- Tau Hu Ky - Shrimp Sausage wrapped in Bean Curd Skin; the rectangular thing on the bottom right that looks like a block of deep fried tofu. This is my all-time favorite Vietnamese food item. Finely ground, seasoned shrimp meat was steamed in a block, then wrapped in yuba bean curd skin and deep fried. The resulting crispy and springy texture was highly appealing to me, although I think some might find it a bit bland. Cat is quite fond of these things too.
- Chao Tom - Shrimp Sausage Broiled on Sugarcane; the curled, orange hemispheres in the upper center. Very similar in texture and flavor to the tau hu ky, but the sugarcane added an extra bit sweetness and caramelization. Quite enjoyable.
- Suon - Charbroiled Pork Chop; far right of the plate. Simply seasoned with salt, it had nice caramelization, but was a little dry. I prefer Taiwanese fried pork chops.
I think I was supposed to be able to choose something other than the pork chop; at least that's what both the Chinese characters and English description let me to believe. However, that topic never came up during my admittedly limited conversation with the waiter. Might have been for the best. As Elmo warned me, this plate was huuuuuuuge. Two-thirds of it is still sitting in my fridge at the office.
Since the Family Man ordered in Vietnamese, I have no idea what number plate he selected. I'm guessing it was something like "Com Tam Bi Nem Heo", since his entree contained:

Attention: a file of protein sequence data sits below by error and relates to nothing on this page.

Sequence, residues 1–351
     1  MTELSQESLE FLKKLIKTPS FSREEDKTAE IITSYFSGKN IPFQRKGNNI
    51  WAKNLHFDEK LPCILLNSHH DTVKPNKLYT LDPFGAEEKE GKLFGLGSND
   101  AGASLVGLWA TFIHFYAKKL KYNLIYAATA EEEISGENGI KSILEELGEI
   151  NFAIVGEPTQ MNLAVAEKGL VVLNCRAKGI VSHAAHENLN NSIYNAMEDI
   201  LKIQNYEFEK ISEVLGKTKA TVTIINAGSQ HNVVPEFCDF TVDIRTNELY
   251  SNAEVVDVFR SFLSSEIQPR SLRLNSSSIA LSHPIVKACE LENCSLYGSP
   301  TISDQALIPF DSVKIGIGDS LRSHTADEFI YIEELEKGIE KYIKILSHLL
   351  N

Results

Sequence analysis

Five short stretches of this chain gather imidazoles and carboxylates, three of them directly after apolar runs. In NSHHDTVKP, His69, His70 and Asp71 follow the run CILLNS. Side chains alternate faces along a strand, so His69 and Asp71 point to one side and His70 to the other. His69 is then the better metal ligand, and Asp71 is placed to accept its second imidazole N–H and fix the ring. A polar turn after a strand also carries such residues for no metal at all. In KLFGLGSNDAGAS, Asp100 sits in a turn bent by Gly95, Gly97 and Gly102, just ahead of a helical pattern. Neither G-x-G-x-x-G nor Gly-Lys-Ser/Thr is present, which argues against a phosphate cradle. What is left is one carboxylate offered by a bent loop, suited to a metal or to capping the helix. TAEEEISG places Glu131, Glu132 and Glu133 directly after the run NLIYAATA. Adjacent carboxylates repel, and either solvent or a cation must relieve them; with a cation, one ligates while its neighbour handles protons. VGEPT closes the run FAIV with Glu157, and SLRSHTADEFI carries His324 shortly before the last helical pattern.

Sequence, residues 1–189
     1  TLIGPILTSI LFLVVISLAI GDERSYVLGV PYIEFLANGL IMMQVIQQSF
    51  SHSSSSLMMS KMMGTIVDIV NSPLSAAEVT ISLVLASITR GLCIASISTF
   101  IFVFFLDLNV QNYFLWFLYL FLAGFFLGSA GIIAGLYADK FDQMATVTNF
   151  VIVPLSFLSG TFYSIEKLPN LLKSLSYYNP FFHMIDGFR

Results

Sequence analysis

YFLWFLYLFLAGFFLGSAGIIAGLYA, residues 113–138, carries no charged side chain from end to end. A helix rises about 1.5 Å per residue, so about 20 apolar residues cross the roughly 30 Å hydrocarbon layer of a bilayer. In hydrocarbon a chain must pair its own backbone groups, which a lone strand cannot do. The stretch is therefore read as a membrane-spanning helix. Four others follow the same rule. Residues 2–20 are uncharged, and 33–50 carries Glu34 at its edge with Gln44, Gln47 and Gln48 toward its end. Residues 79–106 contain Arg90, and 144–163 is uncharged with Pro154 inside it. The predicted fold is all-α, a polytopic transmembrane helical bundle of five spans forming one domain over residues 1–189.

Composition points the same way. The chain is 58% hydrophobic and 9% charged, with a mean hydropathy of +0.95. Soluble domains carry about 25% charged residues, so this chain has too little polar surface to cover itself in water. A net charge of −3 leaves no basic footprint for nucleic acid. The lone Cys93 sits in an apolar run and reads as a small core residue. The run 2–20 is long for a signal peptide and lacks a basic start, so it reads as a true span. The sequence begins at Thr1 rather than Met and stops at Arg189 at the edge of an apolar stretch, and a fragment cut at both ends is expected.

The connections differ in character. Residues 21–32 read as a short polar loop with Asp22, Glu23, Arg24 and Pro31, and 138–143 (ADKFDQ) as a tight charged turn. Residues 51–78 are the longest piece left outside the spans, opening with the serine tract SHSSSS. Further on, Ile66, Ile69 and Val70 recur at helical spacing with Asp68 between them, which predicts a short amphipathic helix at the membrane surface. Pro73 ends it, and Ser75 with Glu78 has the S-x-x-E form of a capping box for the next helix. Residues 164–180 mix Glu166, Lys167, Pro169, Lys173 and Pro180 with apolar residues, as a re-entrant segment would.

- Bi - Shredded Pork. See above.
- Nem - Broiled Beef Meatball. See above.
- Heo - Charbroiled Sliced Pork, which he was nice enough to share with me. The pork was a little dry, but well flavored with soy sauce, nuoc mam, ginger, scallions, and other spices.
The main draw was, of course, the com tam. The broken bits of rice were steamed and had a texture somewhat reminiscent of couscous. I thought it was a little oily from all the fried and broiled items piled on top, and also a bit too dry. The Family Man thought it was pretty good. But since he prefers his com tam plain, fluffy, and without excess moisture, the extra juices that had seeped into the rice from his heo turned him off a little. We both thought the com tam was ok, but not the best we'd ever had. I think Com Tam Thuan Kieu might benefit from separating the rice from the toppings in its presentation in order to cater to different tastes.
The nuoc cham was excellent, although I felt the need to kick it up with some extra chili garlic paste. I also downed about seven of the Thai bird chiles with my meal for extra flavor and heat. The trick to surviving such an ordeal is in the order of consumption.
- First, apply some nuoc cham to your food. The Family Man likes to sprinkle it on his rice. I like to cut off a piece of protein and dip it.
- Then, eat your piece of protein with a spoonful of rice. As typical Asian eaters, the Family Man and I use small pieces of protein and large spoonfuls of rice.
- While chewing your food, take a healthy bite of the chile. The Family Man though I was crazy. The heat from Thai bird chiles isn't too bad. If you want to start off slow, eat the red chiles first. Immature chiles are hotter than ripe ones.
- If the heat becomes too much of you, eat some of the julienned carrot and daikon pickles provided. The sugar used in the pickle brine will bind to the capsaicin in the chile and neutralize it. Certain chemicals in the daikon will also help.
- Sip some of the broth to wash away the last of the pickle and the heat.
- Take a bite of cucumber to clear your palate.
Com Tam Thuan Kieu - A good place to satisfy any com tam cravings.
Bill (for one):
#8 Com Tam Thuan Kieu 7 mon B - 7.95
Tax - 0.62
Tip - 1.43
Total - 10.00
Service: A (As long as you have a handy native speaker.)
Com Tam Thuan Kieu
14282 Brookhurst St.
Garden Grove, CA 92843
Com Tam Thuan Kieu
120 E Valley Blvd., Ste. I
San Gabriel, CA 91776